|Musharraf’s three awesome assignments
DAWN – 24 December 2001
President George W. Bush wants President General Pervez Musharraf to stop the fleeing Taliban and Al-Qaeda leadership from entering into Pakistan. Prime Minister Vajpayee wants him to stop the Jihadis belonging to Lashkar-i-Tayyaba and Jaishe Mohammad from crossing over the Line of Control (LoC) into the Indian held Kashmir. And he has assigned to himself the task of stopping former prime ministers Benazir Bhutto and Nawaz Sharif from coming back to power in Pakistan. Since Pakistan is a member of the US-led coalition against international terrorism, Gen Musharraf can hardly refuse to oblige President Bush. So he has, according to a newspaper report, moved over 50,000 soldiers and 150,000 para-military troops to the border with Afghanistan in order to stop infiltration of anti-Afghan warriors into the tribal areas. He would, however, very much like not to oblige Mr Vajpayee but by plugging the Durand Line, he is in effect doing exactly what the Indian prime minister desires.
While preparing the roadmap to democracy which he announced on August 14 this year the President naturally could not have made any allowances for the September 11 tragedy and its after-effects on global, regional and domestic politics. Pumped up by so much world attention with so many high profile visitors coming all the way from the four corners of the world to meet him and the number of telephone calls he received from the world leaders during this period, the President, perhaps, believes that he needs not worry about his democracy roadmap. He, perhaps, believes that the map would remain untouched in the aftermath of the global war against terrorism.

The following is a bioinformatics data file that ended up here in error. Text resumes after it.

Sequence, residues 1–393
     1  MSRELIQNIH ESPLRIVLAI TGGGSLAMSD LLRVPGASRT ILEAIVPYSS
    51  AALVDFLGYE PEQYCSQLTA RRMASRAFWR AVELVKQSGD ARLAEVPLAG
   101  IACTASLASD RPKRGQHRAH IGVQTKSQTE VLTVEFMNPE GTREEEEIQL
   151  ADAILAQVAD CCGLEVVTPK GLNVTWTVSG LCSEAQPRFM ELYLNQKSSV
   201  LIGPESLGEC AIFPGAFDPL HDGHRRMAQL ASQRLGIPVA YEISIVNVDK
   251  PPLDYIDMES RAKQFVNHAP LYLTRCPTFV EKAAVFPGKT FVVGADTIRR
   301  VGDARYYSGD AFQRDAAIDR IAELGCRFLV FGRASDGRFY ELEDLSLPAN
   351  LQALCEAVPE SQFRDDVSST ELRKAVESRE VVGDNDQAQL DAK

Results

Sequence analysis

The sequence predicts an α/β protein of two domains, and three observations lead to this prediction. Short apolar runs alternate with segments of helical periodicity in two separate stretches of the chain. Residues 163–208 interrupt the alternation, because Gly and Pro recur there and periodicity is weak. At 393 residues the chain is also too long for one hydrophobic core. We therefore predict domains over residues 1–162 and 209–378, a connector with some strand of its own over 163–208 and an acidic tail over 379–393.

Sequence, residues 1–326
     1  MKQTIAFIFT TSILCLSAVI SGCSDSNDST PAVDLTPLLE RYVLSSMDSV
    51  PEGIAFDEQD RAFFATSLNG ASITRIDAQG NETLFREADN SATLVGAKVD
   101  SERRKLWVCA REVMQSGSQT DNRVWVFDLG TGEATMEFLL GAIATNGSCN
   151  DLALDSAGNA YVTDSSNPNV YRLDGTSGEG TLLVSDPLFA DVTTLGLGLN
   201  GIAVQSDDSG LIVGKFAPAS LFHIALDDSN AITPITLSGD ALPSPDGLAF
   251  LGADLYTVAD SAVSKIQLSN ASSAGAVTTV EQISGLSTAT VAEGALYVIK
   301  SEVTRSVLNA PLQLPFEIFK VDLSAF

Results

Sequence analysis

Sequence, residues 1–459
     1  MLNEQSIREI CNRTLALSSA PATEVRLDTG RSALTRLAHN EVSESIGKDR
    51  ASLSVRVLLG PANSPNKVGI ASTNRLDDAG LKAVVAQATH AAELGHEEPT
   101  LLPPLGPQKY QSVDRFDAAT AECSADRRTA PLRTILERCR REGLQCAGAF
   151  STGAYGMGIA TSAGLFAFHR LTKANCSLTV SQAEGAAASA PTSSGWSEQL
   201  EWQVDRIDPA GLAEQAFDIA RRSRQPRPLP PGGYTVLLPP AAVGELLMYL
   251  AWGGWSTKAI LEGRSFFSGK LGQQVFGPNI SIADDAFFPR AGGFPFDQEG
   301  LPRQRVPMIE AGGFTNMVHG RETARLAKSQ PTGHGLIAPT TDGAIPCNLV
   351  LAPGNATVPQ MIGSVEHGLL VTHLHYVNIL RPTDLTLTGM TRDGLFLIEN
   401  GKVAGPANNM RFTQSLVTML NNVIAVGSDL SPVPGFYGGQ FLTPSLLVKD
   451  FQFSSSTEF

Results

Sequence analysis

That is why of and on he keeps on talking about his determination to keep Benazir Bhutto and Nawaz Sharif from coming back to power. And perhaps that is again the reason why the redoubtable Tanveer Naqvi, the National Reconstruction Bureau (NRB) chief sounded so smug while being interviewed on BBC’s Hard Talk. The two want to restore ‘genuine’ democracy in the country by making irreversible transfer of power to civilians through the undemocratic method of pre-poll rigging.
According to information gathered from various informed and inspired sources, the roadmap to democracy envisages the General to remain president for two terms after the 2002 elections which he would not contest. He will also head the National Security Council as its chairman with the majority of the NSC members coming from the armed forces.
For the job of prime minister he has a number of names on his list including Omar Asghar Khan, Qazi Hussain Ahmad, Hamid Nasir Chattha, Aftab Shaban Mirani and Makhdoom Amin Fahim. And he believes that the newly-elected parliament will okay any constitutional amendment that he will introduce before and after the elections. He does not consider the PML(N) to be of any threat to his plans as under the infamous deal he struck with Nawaz Sharif in December last year, the former PM is not expected to return home in a hurry. He has assigned the job of taking care of the PML(N) remnants to Mian Azhar and Chaudhry Shujaat Hussain in the Punjab, to the Shiekh brothers in Sindh, to about-to-return Aftab Ahmad Khan Sherpao in the NWFP and to, perhaps, Zafarullah Jamali (not yet final) in Balochistan.